There are some quotes from today's National Post. The member for Thunder Bay—Superior North in talking about the vote tonight, about whether we will give them that $59 million that the Liberals now want to keep the registry going, another $59 million on the registry instead of policing, said, “I'm in a dilemma”. I thought he was sent here to make up his mind but he says he is in a dilemma. “I've always thought that the role of members is to blow the horn”.

It is not to blow the horn, it is to use his head. I would hope that he would use his head and say to his constituents back home who say they do not want this registry, as their representative, “I will vote against this tonight. Why should I spend another $59 million on a vehicle that is broken?”

I hope that when he runs for re-election the people who are running against him, and it does not matter what party it is, say, “Do you remember back on March 25 when you voted for another $59 million of our money for that broken system that does not work? Why should we vote for you if you will not listen to us?”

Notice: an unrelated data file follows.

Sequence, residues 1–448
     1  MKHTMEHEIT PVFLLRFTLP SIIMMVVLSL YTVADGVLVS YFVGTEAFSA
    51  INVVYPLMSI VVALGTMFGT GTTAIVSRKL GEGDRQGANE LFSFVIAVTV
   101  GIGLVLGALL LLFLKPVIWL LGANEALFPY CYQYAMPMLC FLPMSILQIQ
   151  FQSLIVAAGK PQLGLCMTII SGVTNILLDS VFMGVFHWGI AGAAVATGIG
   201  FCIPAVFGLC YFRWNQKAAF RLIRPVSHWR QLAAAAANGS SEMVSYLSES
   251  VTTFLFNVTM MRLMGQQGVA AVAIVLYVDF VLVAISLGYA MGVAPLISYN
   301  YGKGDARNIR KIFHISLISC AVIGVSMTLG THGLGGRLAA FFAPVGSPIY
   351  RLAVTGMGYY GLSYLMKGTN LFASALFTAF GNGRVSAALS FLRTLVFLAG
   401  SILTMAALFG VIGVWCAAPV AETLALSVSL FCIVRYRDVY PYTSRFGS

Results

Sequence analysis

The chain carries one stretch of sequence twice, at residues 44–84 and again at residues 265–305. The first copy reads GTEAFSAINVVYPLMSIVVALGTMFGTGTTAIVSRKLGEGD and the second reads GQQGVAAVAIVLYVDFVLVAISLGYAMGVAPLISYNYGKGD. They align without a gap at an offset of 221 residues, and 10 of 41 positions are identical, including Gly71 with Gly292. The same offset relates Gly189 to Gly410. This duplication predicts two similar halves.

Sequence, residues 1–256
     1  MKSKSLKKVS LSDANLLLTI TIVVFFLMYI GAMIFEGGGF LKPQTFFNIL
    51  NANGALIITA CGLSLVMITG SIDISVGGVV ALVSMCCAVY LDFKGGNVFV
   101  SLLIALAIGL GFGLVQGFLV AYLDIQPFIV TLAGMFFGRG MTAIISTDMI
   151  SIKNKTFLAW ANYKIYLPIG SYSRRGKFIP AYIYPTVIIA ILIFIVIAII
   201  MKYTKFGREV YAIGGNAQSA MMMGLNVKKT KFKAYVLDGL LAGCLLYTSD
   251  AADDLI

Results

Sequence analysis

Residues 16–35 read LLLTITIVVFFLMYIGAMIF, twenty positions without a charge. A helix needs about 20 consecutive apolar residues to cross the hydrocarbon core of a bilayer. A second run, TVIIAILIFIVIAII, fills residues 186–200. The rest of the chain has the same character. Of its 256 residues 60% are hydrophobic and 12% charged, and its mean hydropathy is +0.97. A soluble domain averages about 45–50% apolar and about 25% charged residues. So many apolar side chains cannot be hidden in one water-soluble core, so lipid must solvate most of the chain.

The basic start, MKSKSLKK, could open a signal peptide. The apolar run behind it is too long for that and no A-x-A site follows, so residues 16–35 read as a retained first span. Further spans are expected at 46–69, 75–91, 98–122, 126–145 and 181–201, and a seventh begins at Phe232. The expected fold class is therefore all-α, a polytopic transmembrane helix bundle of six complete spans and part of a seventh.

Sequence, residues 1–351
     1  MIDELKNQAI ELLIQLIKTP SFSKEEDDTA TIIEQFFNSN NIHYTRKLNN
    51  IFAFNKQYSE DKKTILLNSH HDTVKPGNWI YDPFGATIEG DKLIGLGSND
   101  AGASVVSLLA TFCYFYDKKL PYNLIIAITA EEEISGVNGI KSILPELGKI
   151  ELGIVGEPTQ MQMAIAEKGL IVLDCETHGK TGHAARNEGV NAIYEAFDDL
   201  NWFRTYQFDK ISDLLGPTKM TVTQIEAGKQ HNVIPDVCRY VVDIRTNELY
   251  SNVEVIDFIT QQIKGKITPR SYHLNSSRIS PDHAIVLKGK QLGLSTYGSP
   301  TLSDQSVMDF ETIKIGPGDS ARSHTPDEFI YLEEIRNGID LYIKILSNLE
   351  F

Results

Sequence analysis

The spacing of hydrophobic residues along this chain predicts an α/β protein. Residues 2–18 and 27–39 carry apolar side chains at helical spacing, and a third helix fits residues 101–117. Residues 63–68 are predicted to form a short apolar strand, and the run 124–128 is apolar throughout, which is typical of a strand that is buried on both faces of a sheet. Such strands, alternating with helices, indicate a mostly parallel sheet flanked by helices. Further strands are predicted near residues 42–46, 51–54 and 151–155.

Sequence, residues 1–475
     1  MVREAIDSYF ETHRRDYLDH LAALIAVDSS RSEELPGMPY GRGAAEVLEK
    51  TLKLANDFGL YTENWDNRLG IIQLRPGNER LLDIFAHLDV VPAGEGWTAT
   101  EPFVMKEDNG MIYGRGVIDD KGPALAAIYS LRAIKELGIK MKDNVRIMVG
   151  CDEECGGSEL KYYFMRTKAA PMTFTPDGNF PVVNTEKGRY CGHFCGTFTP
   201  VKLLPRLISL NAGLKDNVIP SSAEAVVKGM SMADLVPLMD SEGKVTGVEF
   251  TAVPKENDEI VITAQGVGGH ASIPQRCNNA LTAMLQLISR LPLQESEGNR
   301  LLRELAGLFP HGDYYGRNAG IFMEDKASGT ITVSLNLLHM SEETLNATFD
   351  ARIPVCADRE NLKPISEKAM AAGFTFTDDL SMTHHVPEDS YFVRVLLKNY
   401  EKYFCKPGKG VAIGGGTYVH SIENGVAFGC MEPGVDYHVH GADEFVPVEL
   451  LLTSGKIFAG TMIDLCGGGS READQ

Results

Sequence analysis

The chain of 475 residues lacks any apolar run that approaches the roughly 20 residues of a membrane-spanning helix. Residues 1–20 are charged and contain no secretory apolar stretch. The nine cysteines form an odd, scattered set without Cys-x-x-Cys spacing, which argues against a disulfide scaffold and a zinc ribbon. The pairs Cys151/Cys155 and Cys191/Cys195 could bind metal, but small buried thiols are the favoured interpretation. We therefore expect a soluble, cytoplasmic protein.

The member for Nipissing is quoted in today's National Post as saying, “We have to see it through to the end. It is a disaster”. I am not talking about whether he has recognized that the registry is a disaster or the fact that trying to hold together as a family over there is a disaster. I do not know what the disaster is he is talking about but the way the government runs the registry is a disaster.

I thought we lived in a democracy, yet the Prime Minister stood up in caucus last week and was reported in the paper as saying that members have to vote for this thing or they are out of the party. That is no way to run a democracy.